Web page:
To better understand the consequences of protein in the diet it would be best to understand why the human body needs it first.

There are 20 amino acids that combine together to form proteins. The body is capable of synthesizing 12 of those amino acids on its own. These are called non-essential proteins because they are not a necessary part of our diet. The remaining 8, the so-called essential amino acids, can only be obtained through food consumption, and are therefore an essential part of a balanced diet. And even though we can synthesize the non-essential amino acids, the body can still absorb and utilize them through food.

These amino acids can be found in some combination in just about every diet - vegan, carnivorous, or somewhere in between. It may be easier to obtain high amounts of all the amino acids, or complete proteins, from meats because muscles are already completely constructed proteins. All our body needs to do then is break down the proteins and reconstruct them somewhere else in the body. It’s a logical progression.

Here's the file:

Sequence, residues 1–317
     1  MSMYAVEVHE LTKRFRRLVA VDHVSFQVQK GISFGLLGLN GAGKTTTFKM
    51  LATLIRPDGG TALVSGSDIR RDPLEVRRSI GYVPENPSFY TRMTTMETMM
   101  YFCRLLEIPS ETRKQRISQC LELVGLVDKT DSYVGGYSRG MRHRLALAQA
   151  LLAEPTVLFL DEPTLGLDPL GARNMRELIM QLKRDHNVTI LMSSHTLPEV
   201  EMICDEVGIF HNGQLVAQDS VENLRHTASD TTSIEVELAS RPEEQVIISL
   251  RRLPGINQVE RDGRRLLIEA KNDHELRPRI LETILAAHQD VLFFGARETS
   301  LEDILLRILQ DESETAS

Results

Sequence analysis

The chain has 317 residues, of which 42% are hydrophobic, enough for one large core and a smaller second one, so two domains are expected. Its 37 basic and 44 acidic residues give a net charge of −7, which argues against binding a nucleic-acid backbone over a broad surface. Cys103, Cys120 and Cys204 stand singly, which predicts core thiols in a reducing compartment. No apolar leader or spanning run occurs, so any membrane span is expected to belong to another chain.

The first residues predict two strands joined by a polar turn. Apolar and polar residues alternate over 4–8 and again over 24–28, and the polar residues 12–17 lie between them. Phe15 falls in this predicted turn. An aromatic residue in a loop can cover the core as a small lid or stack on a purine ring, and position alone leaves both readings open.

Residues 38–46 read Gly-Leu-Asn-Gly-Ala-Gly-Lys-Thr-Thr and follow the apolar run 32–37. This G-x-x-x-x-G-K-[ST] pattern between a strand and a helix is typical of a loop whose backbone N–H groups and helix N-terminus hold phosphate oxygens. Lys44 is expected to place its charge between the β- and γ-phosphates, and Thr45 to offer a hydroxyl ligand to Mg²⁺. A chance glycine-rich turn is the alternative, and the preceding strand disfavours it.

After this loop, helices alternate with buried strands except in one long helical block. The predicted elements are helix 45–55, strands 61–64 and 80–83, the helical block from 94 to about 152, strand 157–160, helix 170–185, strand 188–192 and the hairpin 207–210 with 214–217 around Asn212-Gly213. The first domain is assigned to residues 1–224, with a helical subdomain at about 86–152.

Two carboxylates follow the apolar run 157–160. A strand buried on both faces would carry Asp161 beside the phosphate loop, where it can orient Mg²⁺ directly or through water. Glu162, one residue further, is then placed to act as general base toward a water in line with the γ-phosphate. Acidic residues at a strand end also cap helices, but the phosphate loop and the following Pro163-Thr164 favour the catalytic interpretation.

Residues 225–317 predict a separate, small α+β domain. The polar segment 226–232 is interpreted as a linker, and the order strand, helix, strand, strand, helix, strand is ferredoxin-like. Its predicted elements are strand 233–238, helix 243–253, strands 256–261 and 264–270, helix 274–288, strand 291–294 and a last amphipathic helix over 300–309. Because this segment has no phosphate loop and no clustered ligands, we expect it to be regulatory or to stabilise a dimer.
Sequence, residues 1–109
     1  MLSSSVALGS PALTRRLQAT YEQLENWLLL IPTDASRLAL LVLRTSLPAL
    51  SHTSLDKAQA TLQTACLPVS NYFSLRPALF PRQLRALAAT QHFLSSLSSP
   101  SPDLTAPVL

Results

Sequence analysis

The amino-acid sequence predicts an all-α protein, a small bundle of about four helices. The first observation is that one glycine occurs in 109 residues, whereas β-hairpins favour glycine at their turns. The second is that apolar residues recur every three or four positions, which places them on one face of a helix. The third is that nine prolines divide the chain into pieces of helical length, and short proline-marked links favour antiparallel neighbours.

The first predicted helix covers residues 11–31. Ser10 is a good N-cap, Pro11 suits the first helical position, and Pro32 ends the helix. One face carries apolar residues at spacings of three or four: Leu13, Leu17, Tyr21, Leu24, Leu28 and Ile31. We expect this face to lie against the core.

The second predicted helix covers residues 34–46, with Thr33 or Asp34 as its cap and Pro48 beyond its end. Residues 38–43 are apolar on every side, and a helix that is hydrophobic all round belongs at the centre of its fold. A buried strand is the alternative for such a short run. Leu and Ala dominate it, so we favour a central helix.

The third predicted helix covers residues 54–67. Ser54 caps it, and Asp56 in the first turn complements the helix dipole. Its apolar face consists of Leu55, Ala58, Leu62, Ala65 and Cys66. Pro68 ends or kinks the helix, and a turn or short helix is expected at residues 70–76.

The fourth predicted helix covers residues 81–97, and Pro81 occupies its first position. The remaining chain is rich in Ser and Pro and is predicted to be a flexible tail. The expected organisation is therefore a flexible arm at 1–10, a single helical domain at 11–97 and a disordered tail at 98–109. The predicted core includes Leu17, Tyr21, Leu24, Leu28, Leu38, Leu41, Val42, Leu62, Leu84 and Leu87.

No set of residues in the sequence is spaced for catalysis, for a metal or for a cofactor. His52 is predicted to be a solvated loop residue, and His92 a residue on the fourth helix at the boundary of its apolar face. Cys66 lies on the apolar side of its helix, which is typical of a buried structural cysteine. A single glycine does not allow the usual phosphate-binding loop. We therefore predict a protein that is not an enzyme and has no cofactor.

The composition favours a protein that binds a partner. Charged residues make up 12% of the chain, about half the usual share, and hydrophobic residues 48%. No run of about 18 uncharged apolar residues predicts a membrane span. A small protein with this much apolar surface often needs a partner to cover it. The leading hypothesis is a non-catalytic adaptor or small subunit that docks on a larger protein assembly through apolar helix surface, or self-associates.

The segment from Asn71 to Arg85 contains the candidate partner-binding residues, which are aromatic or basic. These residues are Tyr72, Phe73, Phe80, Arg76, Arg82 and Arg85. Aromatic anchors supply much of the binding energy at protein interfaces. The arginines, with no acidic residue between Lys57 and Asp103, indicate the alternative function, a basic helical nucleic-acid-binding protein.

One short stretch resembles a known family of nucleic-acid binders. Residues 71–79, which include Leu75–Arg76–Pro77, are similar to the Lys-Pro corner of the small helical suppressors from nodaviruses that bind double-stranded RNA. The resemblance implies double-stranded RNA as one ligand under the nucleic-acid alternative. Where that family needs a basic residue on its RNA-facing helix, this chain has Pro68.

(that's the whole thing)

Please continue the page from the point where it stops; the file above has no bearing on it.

Vegetarian and vegan diets may then seem to be difficult or at least less efficient to eat high amounts of protein. While it’s true that plants have less of some amino acids, it’s still completely possible to get as much protein as is necessary. There is a pervasive myth that, since certain fruits and vegetables don’t contain high levels of all amino acids, in order to get all of the necessary amino acids, one would have to carefully combine different foods together in order to get an adequate level of protein per day.

The myth stems from a failure in logic and a misunderstanding of where meat and dietary protein comes from. If we, as mammals, need to eat other animals for protein, and they presumably have a similar ability to produce similar amino acids, then they would have to consume meat in order to get an adequate amount of protein in their diet. By this logic, herbivores (like cows) wouldn’t be able to construct proteins and wouldn’t exist, and every omnivore would have to eat meat most days in order to live without deficiency. 

Just look at gorillas. They’re stronger than any man and they’re folivores, meaning they only eat leaves and tree shoots. So why would another Great Ape, with a similar biological system to humans, only need to eat leaves to be that yolked if we have to eat meat in order to get adequate protein? It simply doesn’t track. We evolved to get adequate protein from a variety of sources because meat was not always abundant or even available. It is absolutely possible to get an appropriate amount of protein from vegan diets, as long as the diet doesn’t solely consist of one food or too many nuts, oils, or processed grains. As always, science backs the idea that a varied and balanced diet is not only the healthiest, but also the most flexible.